JoomScan 0.0.6 – OWASP Joomla Vulnerability Scanner Project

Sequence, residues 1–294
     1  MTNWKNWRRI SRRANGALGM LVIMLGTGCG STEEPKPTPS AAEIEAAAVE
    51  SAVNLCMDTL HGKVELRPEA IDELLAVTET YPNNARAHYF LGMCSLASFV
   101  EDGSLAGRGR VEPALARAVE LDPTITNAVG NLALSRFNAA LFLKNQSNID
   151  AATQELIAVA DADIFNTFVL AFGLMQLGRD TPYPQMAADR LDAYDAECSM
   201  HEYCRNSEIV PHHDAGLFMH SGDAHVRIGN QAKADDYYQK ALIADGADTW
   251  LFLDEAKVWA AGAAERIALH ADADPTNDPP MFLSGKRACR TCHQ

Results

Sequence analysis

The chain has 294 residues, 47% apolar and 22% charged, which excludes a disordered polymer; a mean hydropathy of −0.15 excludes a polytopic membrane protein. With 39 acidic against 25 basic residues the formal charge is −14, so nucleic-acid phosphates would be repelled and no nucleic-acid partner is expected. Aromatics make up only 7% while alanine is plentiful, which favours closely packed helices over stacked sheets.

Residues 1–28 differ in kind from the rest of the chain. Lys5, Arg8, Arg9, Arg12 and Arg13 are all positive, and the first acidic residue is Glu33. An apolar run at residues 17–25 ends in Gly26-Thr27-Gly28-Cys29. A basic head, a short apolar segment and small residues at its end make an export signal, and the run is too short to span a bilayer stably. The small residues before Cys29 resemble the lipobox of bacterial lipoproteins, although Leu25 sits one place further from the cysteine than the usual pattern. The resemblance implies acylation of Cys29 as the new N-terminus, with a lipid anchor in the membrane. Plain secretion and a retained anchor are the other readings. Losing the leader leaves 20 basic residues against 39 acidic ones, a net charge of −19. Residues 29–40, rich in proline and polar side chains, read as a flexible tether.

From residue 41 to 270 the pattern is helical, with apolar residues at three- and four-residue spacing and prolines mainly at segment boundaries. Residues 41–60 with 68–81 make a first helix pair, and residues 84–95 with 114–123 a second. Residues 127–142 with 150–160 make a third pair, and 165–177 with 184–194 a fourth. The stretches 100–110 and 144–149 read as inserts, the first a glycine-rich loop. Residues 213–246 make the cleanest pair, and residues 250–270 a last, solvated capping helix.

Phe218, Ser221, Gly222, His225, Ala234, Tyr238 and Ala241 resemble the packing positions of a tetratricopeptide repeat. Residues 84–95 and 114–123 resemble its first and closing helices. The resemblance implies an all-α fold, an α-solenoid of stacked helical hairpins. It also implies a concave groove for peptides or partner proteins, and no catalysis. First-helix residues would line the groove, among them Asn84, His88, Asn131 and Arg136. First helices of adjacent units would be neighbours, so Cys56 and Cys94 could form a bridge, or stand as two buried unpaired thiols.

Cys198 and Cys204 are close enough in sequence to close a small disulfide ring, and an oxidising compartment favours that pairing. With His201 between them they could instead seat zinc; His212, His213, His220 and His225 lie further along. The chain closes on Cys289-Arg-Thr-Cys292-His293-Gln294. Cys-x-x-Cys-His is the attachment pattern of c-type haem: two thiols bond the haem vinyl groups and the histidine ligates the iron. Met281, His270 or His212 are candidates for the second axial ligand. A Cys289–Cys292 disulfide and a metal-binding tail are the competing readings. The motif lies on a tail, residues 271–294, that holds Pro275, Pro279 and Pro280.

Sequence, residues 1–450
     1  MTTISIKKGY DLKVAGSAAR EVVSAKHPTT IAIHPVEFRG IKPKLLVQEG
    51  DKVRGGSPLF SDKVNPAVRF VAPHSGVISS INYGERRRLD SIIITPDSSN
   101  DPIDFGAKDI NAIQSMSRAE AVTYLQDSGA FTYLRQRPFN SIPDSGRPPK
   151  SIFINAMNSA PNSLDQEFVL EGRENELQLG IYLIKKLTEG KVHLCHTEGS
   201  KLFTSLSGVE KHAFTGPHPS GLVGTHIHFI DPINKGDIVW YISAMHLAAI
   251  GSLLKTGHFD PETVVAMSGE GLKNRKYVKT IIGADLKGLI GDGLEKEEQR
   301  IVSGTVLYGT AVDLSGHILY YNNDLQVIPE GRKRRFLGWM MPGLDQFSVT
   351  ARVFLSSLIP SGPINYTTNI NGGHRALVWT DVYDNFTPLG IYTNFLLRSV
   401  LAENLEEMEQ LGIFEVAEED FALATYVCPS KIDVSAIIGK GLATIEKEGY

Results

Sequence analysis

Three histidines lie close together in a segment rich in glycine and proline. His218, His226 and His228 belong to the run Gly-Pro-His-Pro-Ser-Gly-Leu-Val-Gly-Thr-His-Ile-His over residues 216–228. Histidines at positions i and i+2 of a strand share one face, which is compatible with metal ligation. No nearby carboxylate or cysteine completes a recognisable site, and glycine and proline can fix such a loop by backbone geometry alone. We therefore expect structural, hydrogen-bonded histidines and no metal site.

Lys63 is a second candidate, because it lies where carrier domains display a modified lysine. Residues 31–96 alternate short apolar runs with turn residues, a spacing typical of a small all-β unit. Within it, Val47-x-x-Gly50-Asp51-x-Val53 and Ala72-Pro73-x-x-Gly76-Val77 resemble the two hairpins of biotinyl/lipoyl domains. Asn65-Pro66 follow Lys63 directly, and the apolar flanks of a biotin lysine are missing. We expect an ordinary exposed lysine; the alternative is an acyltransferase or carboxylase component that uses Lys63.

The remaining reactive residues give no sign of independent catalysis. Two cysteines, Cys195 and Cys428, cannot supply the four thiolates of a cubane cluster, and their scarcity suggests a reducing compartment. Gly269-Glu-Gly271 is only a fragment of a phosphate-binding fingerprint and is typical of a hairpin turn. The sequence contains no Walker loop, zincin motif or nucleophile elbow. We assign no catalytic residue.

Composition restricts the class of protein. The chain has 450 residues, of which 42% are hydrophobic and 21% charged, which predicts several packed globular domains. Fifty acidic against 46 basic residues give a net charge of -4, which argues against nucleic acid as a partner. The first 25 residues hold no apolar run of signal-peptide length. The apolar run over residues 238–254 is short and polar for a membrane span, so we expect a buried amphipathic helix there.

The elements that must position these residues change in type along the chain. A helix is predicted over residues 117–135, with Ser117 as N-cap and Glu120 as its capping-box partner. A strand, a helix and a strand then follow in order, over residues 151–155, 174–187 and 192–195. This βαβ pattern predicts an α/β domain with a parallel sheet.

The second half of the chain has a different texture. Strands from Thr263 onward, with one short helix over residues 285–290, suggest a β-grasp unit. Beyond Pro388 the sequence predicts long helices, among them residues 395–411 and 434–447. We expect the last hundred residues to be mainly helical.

OWASP Joomla! Vulnerability Scanner (JoomScan) is an open source project, developed with the aim of automating the task of vulnerability detection and reliability assurance in Joomla CMS deployments. Implemented in Perl, this tool enables seamless and effortless scanning of Joomla installations, while leaving a minimal footprint with its lightweight and modular architecture. It not only detects known offensive vulnerabilities, but also is able to detect many misconfigurations and admin-level shortcomings that can be exploited by adversaries to compromise the system. Furthermore, OWASP JoomScan provides a user-friendly interface and compiles the final reports in both text and HTML formats for ease of use and minimization of reporting overheads.OWASP JoomScan is included in Kali Linux distributions.WHY OWASP JOOMSCAN ?Automated …Version enumeratorVulnerability enumerator (based on version)Components enumerator (1209 most popular by default)Components vulnerability enumerator (based on version)(+1030 exploit)Firewall detectorReporting to Text & HTML outputFinding common log filesFinding common backup filesINSTALLgit clone https://github.com/rezasp/joomscan.gitcd joomscanperl joomscan.plJOOMSCAN ARGUMENTSUsage: joomscan.pl [options]–url | -u | The Joomla URL/domain to scan.–enumerate-components | -ec | Try to enumerate components.–cookie <String> | Set cookie.–user-agent | -a <user-agent> | Use the specified User-Agent.–random-agent | -r | Use a random User-Agent.–timeout <time-out> | set timeout.–about | About Author–update | Update to the latest version.–help | -h | This help screen.–version | Output the current version and exit.OWASP JOOMSCAN USAGE EXAMPLESDo default checks…perl joomscan.pl –url www.example.comorperl joomscan.pl -u www.example.com Enumerate installed components…perl joomscan.pl –url www.example.com –enumerate-componentsorperl joomscan.pl -u www.example.com –ecSet cookieperl joomscan.pl –url www.example.com –cookie “test=demo;" Set user-agentperl joomscan.pl –url www.example.com –user-agent "Googlebot/2.1 (+http://www.googlebot.com/bot.html)"orperl joomscan.pl -u www.example.com -a "Googlebot/2.1 (+http://www.googlebot.com/bot.html)"Set random user-agentperl joomscan.pl -u www.example.com –random-agentorperl joomscan.pl –url www.example.com -rUpdate Joomscan…perl joomscan.pl –updatePROJECT LEADERSMohammad Reza Espargham [ reza[dot]espargham[at]owasp[dot]org ]Ali Razmjoo [ ali[dot]razmjoo[at]owasp[dot]org ]OWASP JoomScan introduction (Youtube)OWASP JoomScan 0.0.6 [#BHUSA]Updated vulnerability databasesAdded new module: Firewall Detector (supports detection of [CloudFlare, Incapsula, Shieldfy, Mod_Security])Added exploit for com_joomanagerUpdated list of common log pathsA few enhancementsDownload Joomscan